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THE LEGENDARY SINHARAJA 

MAN & THE FOREST

In a non-industrialised country like Sri Lanka, wilderness areas have long been subject to the activities of man, and Sinharaja is no exception. The long history of human habitation in and around today's MAB Reserve in fact compounds the problems of managing and conserving the forest. Scattered about the borders of the reserve are some 39 or so villages. Most of the ancient hamlets are to be found along the southern boundary of the Reserve, on the banks of the Gin Ganga with a few located on the north-western side. 

  A village scene in Sinharaja

Village Settlements

Only two, viz. Kolonthotuwa and Warukadeniya are lovated within the Reserve itself. The topography of the region seems to have influenced the pattern of human settlement, and those around the Reserve are mainly along the valleys and river basins. Numerous ancient footpaths exist on the periphery of the Reserve while there are three which cut across the interior of the forest, one along the western boundary (Neluwa - Pitakele - Kudawa - Weddagala) a second along the eastern boundary past Beverley Estate and Denuwakanda and the third traverses the centre of the forest (Watugala - Kumburugoda - Panapola) (Figure 12).
 

Figure 12. Village settlements of the Sinharaja
       
1. Pitadeniya 7. Pelawatta 13. Watugala(1) 19. Radagoda
2. Pitakele 8. Potupitiya 14. Watugala(2) 20. Madugeta
3. Kudawa 9. Denwakanda 15. Pitadeniya 21. Tambalagama
4. Ketalapatala 10. Kiriweldola 16. Nilweligama 22. Kosmulla
5. Kongahakanda 11. Kiriwalagama 17. Kolonthotuwa 23. Gigurawa pahala
6. Koskulana 12. Mederipitiya 18. Warukandeniya 24. Gighrawa Ihala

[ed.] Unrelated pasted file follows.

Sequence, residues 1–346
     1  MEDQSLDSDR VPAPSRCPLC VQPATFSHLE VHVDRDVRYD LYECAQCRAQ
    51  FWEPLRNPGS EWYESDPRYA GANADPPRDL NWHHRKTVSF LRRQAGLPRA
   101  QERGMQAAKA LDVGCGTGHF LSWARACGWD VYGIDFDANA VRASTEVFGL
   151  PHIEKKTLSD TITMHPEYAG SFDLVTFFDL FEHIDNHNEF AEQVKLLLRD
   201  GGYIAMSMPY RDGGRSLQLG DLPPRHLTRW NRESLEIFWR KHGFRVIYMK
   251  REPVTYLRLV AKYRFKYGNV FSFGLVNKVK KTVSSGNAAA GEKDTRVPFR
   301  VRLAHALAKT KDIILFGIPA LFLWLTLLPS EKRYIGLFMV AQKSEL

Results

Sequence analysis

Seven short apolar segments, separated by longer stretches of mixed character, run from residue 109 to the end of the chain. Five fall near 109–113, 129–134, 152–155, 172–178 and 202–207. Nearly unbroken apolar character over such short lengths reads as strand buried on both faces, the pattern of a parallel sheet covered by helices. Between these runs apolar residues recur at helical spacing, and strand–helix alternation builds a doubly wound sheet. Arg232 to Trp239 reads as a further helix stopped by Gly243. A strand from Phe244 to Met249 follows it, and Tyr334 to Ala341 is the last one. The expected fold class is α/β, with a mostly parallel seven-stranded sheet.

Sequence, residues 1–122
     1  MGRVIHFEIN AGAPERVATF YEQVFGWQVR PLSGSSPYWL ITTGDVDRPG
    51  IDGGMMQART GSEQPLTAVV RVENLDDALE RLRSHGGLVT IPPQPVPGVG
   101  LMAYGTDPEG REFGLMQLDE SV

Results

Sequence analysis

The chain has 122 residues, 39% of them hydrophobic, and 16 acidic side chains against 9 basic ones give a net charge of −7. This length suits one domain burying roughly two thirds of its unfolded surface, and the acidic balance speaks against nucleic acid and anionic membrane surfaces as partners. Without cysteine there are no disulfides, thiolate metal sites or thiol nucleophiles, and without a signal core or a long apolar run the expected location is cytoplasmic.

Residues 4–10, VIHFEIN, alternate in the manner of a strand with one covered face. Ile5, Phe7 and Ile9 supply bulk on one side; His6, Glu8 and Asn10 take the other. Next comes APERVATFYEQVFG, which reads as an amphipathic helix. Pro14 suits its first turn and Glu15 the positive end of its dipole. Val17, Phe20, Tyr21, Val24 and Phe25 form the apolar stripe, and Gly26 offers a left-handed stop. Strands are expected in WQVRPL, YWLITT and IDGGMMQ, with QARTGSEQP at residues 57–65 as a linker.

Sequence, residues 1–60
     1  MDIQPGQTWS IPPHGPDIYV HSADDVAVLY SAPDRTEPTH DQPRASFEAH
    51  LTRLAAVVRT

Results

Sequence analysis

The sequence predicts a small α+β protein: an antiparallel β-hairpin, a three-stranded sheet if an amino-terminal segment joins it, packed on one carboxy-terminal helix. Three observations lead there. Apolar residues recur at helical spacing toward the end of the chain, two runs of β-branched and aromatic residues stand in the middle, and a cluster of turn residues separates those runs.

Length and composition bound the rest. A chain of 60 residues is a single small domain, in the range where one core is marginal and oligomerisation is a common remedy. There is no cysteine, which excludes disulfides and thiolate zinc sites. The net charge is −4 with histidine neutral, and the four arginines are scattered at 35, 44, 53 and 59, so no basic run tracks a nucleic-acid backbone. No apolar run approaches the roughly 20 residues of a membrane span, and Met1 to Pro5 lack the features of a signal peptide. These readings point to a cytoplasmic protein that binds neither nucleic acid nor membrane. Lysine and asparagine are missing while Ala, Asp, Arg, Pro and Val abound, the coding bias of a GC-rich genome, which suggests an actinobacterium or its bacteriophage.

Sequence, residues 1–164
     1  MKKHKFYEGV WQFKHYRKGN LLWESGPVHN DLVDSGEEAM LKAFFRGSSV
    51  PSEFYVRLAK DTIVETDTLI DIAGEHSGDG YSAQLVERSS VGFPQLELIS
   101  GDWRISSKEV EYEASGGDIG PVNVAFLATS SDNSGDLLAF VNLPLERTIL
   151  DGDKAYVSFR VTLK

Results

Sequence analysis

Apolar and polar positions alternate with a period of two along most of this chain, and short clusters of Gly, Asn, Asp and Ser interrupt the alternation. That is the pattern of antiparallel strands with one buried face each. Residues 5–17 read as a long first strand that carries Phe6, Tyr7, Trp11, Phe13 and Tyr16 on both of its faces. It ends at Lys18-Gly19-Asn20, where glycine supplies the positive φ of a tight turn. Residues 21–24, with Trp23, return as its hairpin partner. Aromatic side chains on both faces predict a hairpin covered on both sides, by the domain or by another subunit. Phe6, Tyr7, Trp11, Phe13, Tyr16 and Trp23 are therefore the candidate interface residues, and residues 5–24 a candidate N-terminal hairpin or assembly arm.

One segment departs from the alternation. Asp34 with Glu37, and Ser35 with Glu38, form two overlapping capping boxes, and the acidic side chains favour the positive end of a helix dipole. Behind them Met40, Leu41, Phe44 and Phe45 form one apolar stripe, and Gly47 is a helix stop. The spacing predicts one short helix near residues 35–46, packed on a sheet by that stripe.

The people

The local inhabitants are for the most part Sinharaja by race Buddhist by religion. Judging from studies done on village life on the north-western boundary, the villages of the area are not very large but consist of about 20 to 50 families living in a fairly close-knit community. The family structure is that of an extended family with parents, children and grandparents living together. Although the older generation of villagers have not had much formal education, the young are literate. Primary schools have been established just outside the boundaries of the Reserve. Secondary schooling is available only in the larger village of the region which are 5 to 10 kilometers away. Modern health facilities too are only found in the larger towns such as Kalawana which is 16 kilometers away from the forest. The villagers however are relatively healthy and physically fit.

The houses have a small floor area, averaging 25 square meters, and are constructed of wattle and daub. A house usually consists of a verandah, 1-2 rooms and kitchen, or perhaps, more simply of one single room divided into different areas with thatched screens. The roof is thatched with leaves of Beru (Agrostistachys serumica) or with bamboo leaves. (Ochlandra stridula). Lately however, coconut leaf thatch and clay tiles have begun to gain popularity as roofing material.

The staple food is rice. Yams such as sweet potato (Ipomoea batata) and manioc (Manihot utilissima) ; bread-fruit (Artocarps incisus) and jak-fruit (A. heterophyllus), grown in home gardens, are often used as substitutes for rice. Other plants commonly found in home garden are vines of betel (Piper betel), black pepper (P. nigrum) and passion fruit (Passiflora edulis) ; fruit trees such as papaya (Carica papaya) and plantain (Musa paradisica) are also grown by the villagers. For his other needs the villager walks great distances to the closest town. Various forest plants are also used for food, medicine and small wood needs.

 

Exploitation of the Forest

A main source of livelihood of the villagers in the area is the production of jaggery, a crude local sugar. The sugar so made is sold in weekly markets and shops of the area. Juggery is a basic ingredients in many traditional Sri Lanaka sweets and there is a ready market for this product all over the island. The sap needed for the manufacture of jugger is obtained from tapping the infloresence of the kitul palm (Caryota urens).

Tapping of the Kitul palm (Caryota urens)

Giant rattan palms (Calamus ovoideus)

 

Wewal (rattan) is one of the forest products obtained from Sinharaja by villagers. It is used to manufacture baskets, furniture and handicrafts. Two species, thudarena (Calamus ovoideus) and thambotuwel (Calamus zeylanicus) are the ones mainly found in this forest.